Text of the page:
St. Lawrence had a rich personality, wonderful talents, and a fine appearance. "He looks like St. Paul," people said of him. Preaching, to him, was "magnum et superhumanum munus" because it demands in the preacher "vitae sanctitas et doctrinae veritas." At the age of twenty-two, while still only a deacon (1851), he himself was given the rare privilege of preaching to the people. Because he deemed preaching his true vocation, Lawrence kept up his lifelong zeal for it by prayer, penance, and study. He often said: "God called me to be a Franciscan for the conversion of sinners and heretics." The pulpit in the middle ages, and even at the time of St. Lawrence, was a true "cathedra," less professorial than that of the universities, but more frequented by the people, and it had a vast and immediate influence on them. Means of communication were scarce in those days, and so the pulpit was the microphone of the crowds. A good preacher was "the man of the day," and his sermons were events to chronicle for the town and the whole nation. Some of this fame still continued in later times with other preachers like Sts. Leonard of Port Maurice, Paul of the Cross, Gasper del Bufalo, and others who, like Sts. Vincent Ferrer and Bernardine of Siena, could be called "Trumpets of Heaven."

Lawrence knew that to be a good preacher he had to know not only theology and philosophy, but especially Holy Scripture. He studied the Bible from early youth with extraordinary zeal. He said that he could have rewritten it entirely in its original languages merely from memory! Popes Gregory XIII and Clement VIII ordered the Saint to preach exegetical sermons to the Jews in Rome and other cities to convince them that Christ is the divine Messias and that the Christian religion alone is the true one. Lawrence claimed that his excellent knowledge of Hebrew and Aramaic was a God-given charism.

Assigned to teach the Scriptures to his young confreres, Lawrence put his heart and soul into it. Between the ages of twenty-five and thirty he composed his Explanatio in Genesim (on the first eleven chapters of Genesis). This has also been praised by critics for its masterful philosophic method of seeking the literal sense, for its sureness and vastness of exegetical information (Talmudic and Patristic, as well as more recent authors, are used by him). He gives some of his own opinions, critically weighs those of others, even some venerable in age and authority. In his doctrinal "excursus" we see the theologian who treats God the Creator, His attributes, the angels, the nature of man, the state of original justice, free will, the institution of marriage, etc. In the light of present exegetical studies, this work of Lawrence has particular interest.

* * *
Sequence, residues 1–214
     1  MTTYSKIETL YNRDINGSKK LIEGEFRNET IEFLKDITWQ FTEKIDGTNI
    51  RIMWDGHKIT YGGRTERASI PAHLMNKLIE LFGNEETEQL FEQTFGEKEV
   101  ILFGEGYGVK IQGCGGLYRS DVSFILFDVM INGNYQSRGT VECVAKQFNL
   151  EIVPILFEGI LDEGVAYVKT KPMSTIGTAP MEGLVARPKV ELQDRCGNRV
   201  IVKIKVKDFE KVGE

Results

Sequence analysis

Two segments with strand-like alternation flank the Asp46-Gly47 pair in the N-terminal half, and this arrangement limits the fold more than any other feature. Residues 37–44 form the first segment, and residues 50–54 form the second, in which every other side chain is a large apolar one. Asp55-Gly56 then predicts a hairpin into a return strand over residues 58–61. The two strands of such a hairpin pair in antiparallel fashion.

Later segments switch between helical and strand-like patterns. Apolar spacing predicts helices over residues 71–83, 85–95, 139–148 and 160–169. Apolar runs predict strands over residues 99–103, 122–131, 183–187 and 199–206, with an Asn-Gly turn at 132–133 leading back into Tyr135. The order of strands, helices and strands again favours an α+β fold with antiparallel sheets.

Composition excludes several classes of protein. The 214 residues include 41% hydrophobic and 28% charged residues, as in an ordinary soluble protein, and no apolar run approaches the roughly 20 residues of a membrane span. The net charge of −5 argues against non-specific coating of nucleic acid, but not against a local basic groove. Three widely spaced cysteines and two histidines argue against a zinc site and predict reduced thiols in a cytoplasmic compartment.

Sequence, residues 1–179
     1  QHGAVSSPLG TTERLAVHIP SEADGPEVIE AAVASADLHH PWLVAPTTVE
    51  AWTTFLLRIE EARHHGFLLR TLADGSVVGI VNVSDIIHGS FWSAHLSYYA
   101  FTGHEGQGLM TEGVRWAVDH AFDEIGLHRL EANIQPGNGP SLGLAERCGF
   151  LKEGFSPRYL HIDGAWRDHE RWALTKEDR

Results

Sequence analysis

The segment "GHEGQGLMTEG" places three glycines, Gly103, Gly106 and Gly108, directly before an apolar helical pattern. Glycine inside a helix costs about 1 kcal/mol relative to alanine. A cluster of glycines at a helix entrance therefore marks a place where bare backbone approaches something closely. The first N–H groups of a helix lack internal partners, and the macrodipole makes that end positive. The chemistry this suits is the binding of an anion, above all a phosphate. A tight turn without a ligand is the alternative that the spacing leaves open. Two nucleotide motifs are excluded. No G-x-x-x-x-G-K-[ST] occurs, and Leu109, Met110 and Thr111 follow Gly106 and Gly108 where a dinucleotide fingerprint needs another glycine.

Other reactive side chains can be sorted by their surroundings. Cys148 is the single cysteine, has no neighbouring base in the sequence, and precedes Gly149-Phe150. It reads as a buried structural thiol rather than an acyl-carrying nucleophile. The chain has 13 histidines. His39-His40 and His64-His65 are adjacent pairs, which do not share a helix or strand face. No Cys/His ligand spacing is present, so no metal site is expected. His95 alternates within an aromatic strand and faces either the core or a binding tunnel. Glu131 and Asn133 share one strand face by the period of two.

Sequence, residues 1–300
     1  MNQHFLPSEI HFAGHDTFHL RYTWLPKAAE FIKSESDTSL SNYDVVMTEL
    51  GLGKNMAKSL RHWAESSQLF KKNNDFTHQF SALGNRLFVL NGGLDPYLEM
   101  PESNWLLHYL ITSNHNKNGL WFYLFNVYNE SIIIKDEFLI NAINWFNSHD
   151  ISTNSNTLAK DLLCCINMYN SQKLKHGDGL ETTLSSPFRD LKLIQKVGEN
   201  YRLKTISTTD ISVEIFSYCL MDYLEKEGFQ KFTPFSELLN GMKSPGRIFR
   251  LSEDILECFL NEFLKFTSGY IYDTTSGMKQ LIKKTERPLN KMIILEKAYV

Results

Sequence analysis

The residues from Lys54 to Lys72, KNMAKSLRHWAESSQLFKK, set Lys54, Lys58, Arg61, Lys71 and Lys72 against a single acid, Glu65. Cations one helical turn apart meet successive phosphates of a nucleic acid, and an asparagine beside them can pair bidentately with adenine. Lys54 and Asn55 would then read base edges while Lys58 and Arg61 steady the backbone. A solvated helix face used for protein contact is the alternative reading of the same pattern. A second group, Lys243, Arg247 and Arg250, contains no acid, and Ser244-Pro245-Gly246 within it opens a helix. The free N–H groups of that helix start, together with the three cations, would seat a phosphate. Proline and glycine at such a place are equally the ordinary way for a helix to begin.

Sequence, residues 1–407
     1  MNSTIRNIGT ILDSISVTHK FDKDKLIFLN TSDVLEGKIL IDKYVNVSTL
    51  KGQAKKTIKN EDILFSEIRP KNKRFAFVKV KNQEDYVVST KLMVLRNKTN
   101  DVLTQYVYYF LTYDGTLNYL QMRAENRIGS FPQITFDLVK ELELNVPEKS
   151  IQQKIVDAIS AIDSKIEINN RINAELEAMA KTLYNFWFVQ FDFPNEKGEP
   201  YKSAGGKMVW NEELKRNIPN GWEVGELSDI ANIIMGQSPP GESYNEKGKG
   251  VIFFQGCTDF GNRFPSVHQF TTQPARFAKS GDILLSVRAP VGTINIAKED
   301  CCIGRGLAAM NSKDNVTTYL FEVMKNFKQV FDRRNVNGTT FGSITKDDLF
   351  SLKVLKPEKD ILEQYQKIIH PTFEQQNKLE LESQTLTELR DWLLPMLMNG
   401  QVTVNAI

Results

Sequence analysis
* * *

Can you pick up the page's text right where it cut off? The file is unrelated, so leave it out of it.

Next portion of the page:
The saint's up-to-date mastery of biblical science, which the Protestants opposed to tradition, to the Scholastics, and to the ecclesiastical magisterium, gave Lawrence an undisputed authority in controversies with the innovators. Lawrence rightly considered the Protestant heresy a degeneration of Christian truth, a dissolution not only of Catholic unity, but also of the civil and political unity of Europe. Besides fighting heresy through his diplomatic missions, Lawrence was eager to meet eminent teachers of heresy in open debate. He was encouraged in this by princes and by learned priests and laymen.

Thus we have the three volumes which the Saint wrote against Protestant theologian Polycarp Leiser, who was a writer and a preacher at the court of the Elector of Saxony. Lawrence had encounters with Leiser in Prague, and his Lutheranismi hypotyposis is the result of all these disputes. This work is a practical manual of the Catholic Faith and a confutation of Protestant interpretation of Scripture. The Saint quotes about forty reformers, including Luther, and refutes them all. He ably defends such doctrines as revelation, tradition, the one true Church; Scripture, original sin, justification and grace, faith and good works, the cult of Mary and the saints, the Holy Eucharist as sacrifice and sacrament, celibacy and purgatory. Lawrence also examines the sad social consequences of false doctrines. This work, like his others, has a perennial appeal and can be used even today.

Today studies are appearing constantly on the personality and doctrine of St. Lawrence and a critical life of the saint will soon appear in Italian in several volumes.

For priests, St. Lawrence as "the Apostolic Doctor" offers a new model for our studies and preaching.

End Notes

1. The decree, which begins with the words, "Celsitudo ex humilitate," states that the Saint's feast will be observed on July 21.